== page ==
Strategies for interviewing in Ed Tech
Dr. Cindy Berger
In her workshop, Dr. Cindy Berger offered useful strategies for interviewing well when looking for a job in the field of Educational Technology. After giving a brief overview of her background and work experience with Duolingo, Dr. Berger provided “insider tips” for how to nail an interview. She recommended being prepared to complete tasks before or during the interview, demonstrating your teamwork and clear communication skills, and focusing on your projects rather than studies. Dr. Berger also provided a list of additional skills, including time management, creativity, cross-functional collaboration, and resilience to feedback, which would be helpful to highlight during the interview.
Navigating the academic job market
Dr. Kevin Wong
Dr. Wong shared his experience in the job market in terms of job applications, phone interviews, campus visits, and the offer he received. He also shared the application spreadsheet that he made for his job search and the items he included (e.g., school, location, position, etc.). Regarding telephone interviews, he shared tips for answering questions, and he also shared the questions he received for his telephone interview, such as: How do you teach students with diverse needs? What is your research agenda and how do you see yourself developing it in the next 2-5 years? He also shared his experience with the campus visit and the questions that the search committee and the dean asked him. Finally, he shared how to negotiate when receiving an offer. In the end, he recommended a book to read before applying for a job.
navigating the job market & publishing
Dr. Christine Tardy
Dr. Tardy shared some insights in preparing for an interview. After briefly covering the process of applying for an academic job, Dr. Tardy made recommendations on how to prepare for the interview process (e.g., reviewing the job ad, learning about the department, preparing notes and questions for the search committee). Additionally, she stressed the importance of the kinds of questions that prospective candidates should ask when they are interviewed by a search committee. Dr. Tardy provided some insider tips on questions to avoid asking during the interview process, such as asking about the initial starting salary. She concluded by reminding our graduate student community that an interview is an encouraging sign that indicates interest, and that all parties want the interview to end well.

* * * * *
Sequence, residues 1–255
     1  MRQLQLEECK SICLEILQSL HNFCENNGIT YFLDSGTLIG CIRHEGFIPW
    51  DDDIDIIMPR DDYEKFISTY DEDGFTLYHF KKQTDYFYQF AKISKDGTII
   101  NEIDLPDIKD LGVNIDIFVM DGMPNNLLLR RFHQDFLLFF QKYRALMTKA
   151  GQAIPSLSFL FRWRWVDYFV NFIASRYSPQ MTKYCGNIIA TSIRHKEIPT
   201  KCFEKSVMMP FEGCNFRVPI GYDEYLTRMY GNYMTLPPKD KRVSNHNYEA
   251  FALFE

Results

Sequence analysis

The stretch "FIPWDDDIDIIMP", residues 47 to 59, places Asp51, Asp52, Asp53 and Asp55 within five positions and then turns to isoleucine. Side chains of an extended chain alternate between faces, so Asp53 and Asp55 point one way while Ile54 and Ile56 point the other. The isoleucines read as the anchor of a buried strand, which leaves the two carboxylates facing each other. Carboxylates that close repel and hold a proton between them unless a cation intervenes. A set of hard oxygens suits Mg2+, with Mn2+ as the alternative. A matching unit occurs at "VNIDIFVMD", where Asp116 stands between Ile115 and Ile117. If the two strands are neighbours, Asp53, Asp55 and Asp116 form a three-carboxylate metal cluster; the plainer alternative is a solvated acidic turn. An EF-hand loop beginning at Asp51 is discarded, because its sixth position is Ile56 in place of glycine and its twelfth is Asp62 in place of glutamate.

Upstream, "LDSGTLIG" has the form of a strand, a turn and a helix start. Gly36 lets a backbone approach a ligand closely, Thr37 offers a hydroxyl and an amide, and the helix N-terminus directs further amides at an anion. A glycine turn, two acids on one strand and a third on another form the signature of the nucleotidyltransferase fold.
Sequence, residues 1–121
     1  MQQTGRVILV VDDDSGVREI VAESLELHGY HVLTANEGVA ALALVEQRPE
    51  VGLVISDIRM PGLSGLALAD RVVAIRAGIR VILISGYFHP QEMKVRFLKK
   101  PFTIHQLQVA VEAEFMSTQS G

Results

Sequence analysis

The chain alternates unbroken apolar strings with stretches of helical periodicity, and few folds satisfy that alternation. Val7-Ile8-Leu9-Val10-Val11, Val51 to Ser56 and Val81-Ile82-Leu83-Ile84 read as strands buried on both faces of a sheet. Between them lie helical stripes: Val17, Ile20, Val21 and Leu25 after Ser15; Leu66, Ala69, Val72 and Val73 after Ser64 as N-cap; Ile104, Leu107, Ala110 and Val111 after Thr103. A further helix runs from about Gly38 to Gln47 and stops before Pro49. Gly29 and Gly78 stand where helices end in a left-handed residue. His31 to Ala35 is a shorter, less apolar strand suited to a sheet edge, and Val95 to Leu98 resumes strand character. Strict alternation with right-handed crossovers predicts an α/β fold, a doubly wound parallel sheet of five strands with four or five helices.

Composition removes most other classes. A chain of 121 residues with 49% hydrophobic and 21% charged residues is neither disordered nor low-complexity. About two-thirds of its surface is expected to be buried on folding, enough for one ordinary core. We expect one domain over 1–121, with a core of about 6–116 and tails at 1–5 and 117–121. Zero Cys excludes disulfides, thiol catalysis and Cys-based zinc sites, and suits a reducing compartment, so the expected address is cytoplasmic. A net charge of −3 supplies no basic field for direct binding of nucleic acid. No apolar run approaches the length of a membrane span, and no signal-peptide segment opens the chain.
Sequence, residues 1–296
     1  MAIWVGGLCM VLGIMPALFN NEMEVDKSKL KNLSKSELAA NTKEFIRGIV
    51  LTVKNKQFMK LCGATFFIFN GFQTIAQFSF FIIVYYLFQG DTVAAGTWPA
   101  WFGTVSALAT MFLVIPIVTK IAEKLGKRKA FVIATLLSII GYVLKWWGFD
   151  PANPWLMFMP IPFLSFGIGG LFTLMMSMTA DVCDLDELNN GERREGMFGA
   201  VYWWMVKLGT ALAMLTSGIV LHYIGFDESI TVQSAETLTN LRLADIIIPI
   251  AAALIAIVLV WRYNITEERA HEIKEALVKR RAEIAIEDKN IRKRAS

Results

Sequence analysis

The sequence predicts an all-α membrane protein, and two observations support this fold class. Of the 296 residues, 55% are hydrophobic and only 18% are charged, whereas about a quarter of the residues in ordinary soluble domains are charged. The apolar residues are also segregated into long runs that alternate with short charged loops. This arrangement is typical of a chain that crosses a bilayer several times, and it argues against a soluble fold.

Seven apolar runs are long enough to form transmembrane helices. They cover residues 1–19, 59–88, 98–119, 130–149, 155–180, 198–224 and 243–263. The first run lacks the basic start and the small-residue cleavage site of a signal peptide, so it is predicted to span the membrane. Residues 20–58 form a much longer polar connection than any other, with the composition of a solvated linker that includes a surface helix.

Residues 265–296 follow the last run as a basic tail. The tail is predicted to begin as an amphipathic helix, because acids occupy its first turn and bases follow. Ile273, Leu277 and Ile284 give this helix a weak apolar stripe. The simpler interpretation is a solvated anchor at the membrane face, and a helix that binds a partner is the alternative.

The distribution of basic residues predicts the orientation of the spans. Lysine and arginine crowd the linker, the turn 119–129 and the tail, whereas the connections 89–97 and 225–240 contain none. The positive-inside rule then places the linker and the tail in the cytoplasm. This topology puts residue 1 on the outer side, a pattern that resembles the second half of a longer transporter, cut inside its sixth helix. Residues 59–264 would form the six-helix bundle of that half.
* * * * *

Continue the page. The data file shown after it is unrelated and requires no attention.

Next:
Dr. Bezhad Mansouri
Dr. Mansouri provided his experiences with publishing and selecting the right journal for his work. After providing an overview of some of the common myths and misconceptions of publishing, Dr. Mansouri shared strategies for identifying the proper journal according to your research interests, as well as traps to avoid (e.g., predatory journals, short review processes, unknown publishers). He also provided some tips for finding colleagues to collaborate with.